What it is: This test uses small metal discs (electrodes) to detect the brain’s electrical activity. Your neurologist reads the resulting brain wave patterns to make a diagnosis.
How it works: We attach up to 25 electrodes to your scalp with a sticky paste. You stay still while sensors record your brain’s electrical activity. To produce different waves, we may ask you to do things such as track a bright light with your eyes or change your breathing. Your neurologist will review findings and discuss them with you.
What it is: This test collects fluid from around the brain stem (the trunk of the brain that connects to the spinal cord) or within the spinal canal (the space around the spinal cord). We test the fluid to diagnose infection, bleeding or disorders of the nervous system.
How it works: We clean your back and use a solution to numb your skin. We insert a hollow needle between two vertebrae into the spinal canal. We measure the pressure in the canal. Higher-than-normal pressure can indicate infection, swelling or bleeding.
We remove a fluid sample to check for:
- Abnormal protein levels
- Bacteria, fungi or viruses
- Sugar (glucose) levels
- White blood cell counts
- Cancer cells
Your doctor will receive findings, typically within days, and share them with you.
What they are: These biopsies collect a small sample of muscle or nerve tissue. We examine the sample under a microscope to help diagnose disorders. For example:
- A nerve biopsy can show damage to the nerve covering or fiber.
- A muscle biopsy can show damage from a hereditary neuropathy.
How it works: Your doctor will numb the area and make a small incision to remove a bit of nerve or muscle. Your doctor will contact you with results.
Blood or urine samples can show:
- Blood vessel damage
- Bone marrow disease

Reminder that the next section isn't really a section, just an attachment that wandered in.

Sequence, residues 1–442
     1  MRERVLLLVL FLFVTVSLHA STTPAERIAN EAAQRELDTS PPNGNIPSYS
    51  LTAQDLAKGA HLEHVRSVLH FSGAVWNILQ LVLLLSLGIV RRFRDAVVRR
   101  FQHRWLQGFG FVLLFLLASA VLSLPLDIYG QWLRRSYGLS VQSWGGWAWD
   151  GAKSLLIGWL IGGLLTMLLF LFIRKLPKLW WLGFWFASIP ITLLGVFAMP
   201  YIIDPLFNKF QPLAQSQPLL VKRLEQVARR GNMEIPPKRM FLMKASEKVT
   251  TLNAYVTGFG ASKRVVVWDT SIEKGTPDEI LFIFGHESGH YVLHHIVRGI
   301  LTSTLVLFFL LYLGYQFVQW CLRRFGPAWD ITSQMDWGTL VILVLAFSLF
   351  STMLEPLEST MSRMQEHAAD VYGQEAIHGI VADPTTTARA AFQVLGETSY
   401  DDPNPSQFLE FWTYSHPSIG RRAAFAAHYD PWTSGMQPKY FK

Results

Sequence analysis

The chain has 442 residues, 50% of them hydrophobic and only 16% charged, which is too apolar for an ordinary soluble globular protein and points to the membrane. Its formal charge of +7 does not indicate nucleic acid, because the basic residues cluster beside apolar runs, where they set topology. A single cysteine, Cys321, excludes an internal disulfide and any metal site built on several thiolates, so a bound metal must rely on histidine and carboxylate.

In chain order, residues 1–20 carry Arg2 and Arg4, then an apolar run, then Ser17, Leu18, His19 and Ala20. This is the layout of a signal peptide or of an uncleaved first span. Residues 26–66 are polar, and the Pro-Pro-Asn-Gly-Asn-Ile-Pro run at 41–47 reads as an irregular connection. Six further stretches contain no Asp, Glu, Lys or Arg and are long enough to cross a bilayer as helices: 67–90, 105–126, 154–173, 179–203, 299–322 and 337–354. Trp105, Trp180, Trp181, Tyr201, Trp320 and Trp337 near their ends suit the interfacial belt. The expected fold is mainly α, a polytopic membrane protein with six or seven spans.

- Infection or inflammation
- Protein levels and disorders
- Toxin levels that could affect the nervous system
- Levels of medication used as treatment
What it is: Genes are parts of your cells that tell the body how to make proteins or perform a function. Changes to genes may affect many bodily processes.
We use genetic testing to identify or confirm a hereditary (passed down from parents) neurologic condition or disease. For example, parents who have a condition may want to know if their child will have it, too. Testing can:
- Rule out that a genetic change (mutation) caused a condition.
- Help doctors develop a treatment plan.
- Understand a condition’s severity.
How it works: We collect a blood, another fluid or a tissue sample and send it to a laboratory. The laboratory looks for changes in genes. Your doctor or medical geneticist receives a report and talks with you about what the results reveal about the condition and risks.
- Neurological Diagnostic Tests and Procedures Fact Sheet, National Institute of Neurological Disorders and Stroke
- Neurological Examinations, The Foundation for Peripheral Neuropathy
- Genetic Testing FAQ, National Human Genome Research Institute
- Quantitative Sudomotor Axon Reflex Test, The Foundation for Peripheral Neuropathy
Referral: To become a patient, please ask your doctor for a referral.
Parking is free for patients and their visitors.
We offer clinics for nerve conditions on our Marquam Hill and South Waterfront campuses.
Refer a patient
- Refer your patient to OHSU.
- Call 503-494-4567 to seek provider-to-provider advice.